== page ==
Humphrey said areas like Casa Grande, where SGI manages 80 homes, are becoming a hot spot for investment properties because of the area’s potential future growth. He suggests investors diversify their portfolio with properties in several different neighborhoods around the Valley as well.

“With large companies like Lucid Motors and others building centers there, it’s looking attractive for investors to purchase homes and get good performing tenants,” he said. “Phoenix is only about a 30-40 minute drive from Casa Grande, and parts of the East Valley are even closer.”

Frank Morales, the lead for Arizona field operations and leasing at Nomad Properties, said the rental market has exploded in just the last few months.

“The rental market has continued to tighten for several years now,” he said. “We get multiple applications on most homes in the first few days after they’re listed. This wasn’t the case even six to eight months ago.”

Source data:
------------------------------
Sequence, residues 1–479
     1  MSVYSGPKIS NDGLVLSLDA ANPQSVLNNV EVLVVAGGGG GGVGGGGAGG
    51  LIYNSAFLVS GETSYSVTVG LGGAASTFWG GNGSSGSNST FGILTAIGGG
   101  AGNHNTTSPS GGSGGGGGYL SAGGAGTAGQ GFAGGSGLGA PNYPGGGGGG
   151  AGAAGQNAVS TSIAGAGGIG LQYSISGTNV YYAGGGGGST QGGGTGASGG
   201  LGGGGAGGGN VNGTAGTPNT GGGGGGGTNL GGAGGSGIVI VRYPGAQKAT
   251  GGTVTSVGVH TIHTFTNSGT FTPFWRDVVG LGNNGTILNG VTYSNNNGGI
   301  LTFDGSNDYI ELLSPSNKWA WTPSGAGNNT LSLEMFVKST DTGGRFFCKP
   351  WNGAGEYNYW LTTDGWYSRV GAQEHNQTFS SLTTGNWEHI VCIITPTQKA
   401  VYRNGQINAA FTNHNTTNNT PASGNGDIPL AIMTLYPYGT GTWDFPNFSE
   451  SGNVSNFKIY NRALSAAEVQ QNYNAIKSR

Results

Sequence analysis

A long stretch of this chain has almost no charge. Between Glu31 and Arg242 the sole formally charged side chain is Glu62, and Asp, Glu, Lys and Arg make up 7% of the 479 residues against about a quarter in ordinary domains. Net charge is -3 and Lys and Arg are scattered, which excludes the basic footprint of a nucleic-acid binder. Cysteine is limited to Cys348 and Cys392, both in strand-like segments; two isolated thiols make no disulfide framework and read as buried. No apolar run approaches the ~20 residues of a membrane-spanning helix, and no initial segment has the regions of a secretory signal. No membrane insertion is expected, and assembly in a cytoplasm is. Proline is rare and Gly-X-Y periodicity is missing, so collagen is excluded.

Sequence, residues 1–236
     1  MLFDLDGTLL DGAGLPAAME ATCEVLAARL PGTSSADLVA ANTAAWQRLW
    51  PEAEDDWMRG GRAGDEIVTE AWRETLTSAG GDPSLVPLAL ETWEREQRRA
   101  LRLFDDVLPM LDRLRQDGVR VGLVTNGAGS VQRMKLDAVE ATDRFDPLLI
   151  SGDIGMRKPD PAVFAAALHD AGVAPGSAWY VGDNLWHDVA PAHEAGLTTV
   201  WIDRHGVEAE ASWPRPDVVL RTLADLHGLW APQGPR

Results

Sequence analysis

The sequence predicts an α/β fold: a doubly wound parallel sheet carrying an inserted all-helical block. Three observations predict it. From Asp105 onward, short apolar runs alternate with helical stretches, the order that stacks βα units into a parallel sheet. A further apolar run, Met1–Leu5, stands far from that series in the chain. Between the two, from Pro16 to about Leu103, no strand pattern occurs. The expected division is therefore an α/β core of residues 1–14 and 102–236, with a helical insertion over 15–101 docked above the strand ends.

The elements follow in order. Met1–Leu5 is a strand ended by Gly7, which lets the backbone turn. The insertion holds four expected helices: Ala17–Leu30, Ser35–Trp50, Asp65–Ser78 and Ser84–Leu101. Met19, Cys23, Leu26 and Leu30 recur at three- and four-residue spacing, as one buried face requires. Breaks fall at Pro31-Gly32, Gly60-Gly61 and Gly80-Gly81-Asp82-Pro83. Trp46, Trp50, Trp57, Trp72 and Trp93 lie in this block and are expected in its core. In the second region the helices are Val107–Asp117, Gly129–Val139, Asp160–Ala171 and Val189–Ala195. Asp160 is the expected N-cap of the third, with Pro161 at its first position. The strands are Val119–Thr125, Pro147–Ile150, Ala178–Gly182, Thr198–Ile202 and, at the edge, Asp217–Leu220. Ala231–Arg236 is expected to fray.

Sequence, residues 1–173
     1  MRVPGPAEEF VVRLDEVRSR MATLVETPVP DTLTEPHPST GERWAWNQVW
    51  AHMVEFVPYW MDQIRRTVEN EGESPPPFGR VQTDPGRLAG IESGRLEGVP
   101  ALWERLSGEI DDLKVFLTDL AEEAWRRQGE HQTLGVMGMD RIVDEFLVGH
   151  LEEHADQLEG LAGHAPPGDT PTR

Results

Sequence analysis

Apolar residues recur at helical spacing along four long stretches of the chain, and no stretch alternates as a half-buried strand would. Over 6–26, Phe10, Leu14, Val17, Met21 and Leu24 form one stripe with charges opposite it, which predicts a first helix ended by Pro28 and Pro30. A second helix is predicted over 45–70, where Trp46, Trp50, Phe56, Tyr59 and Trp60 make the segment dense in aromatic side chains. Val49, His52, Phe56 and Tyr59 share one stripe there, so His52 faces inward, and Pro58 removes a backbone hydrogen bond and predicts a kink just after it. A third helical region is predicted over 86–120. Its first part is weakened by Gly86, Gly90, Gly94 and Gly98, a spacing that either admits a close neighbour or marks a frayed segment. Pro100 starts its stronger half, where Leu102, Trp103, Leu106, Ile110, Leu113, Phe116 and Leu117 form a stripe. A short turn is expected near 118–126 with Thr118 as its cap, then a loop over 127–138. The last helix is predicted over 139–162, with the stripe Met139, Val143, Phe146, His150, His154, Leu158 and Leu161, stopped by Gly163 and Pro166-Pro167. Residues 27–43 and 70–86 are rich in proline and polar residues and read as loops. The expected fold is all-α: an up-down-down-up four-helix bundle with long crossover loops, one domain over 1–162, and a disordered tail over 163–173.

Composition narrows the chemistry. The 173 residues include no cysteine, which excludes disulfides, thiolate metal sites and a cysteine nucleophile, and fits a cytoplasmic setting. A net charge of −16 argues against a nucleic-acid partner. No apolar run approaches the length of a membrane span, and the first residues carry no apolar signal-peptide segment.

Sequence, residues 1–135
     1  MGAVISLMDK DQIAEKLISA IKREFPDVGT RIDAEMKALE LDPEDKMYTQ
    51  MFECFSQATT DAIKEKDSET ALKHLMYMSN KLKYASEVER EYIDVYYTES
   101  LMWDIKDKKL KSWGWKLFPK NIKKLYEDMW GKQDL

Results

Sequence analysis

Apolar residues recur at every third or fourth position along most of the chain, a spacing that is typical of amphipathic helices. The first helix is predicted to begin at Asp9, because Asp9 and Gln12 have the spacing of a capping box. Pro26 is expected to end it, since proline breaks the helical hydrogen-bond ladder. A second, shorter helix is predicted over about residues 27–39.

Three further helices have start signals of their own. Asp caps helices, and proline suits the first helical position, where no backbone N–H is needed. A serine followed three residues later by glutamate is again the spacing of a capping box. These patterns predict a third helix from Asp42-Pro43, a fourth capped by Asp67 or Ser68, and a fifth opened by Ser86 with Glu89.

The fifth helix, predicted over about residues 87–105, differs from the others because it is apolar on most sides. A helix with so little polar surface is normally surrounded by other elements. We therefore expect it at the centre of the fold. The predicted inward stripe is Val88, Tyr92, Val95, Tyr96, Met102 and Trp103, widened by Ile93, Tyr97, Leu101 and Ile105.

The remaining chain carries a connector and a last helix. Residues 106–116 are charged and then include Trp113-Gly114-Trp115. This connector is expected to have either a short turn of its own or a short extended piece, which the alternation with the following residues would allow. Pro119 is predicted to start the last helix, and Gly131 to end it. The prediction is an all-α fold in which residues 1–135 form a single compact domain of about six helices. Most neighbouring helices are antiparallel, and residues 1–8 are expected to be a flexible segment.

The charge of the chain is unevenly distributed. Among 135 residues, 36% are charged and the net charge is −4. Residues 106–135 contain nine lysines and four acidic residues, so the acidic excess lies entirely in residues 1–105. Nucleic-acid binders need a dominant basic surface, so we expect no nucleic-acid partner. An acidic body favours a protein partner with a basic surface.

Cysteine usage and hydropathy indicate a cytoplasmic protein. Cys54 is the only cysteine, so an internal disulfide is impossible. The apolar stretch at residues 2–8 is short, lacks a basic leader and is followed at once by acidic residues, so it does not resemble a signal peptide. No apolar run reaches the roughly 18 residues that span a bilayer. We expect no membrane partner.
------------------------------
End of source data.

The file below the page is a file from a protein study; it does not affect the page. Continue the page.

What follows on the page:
Morales said there are several hidden gems in Maricopa County being hit by more investors, including Queen Creek and Goodyear. He also sees areas such as Maricopa and, like Humphrey, Casa Grande as potential targets for future growth due to the sheer amount of homebuilding occurring there.

“The far west and east areas of the Valley have definitely seen an increase in growth activity for investment rentals,” he said. “The availability of newer homes at reasonable prices still exists in these areas. Queen Creek and Goodyear are good examples of this. Typically prices escalate as you get closer to metro Phoenix.”

But Morales acknowledged rising prices are making some investors skittish when it comes to purchasing.

“Investors definitely aren’t rushing into purchases like they were 12 months ago,” he said. “The steep increase in home prices over the last few years has forced investors to methodically evaluate the numbers for each potential new deal.”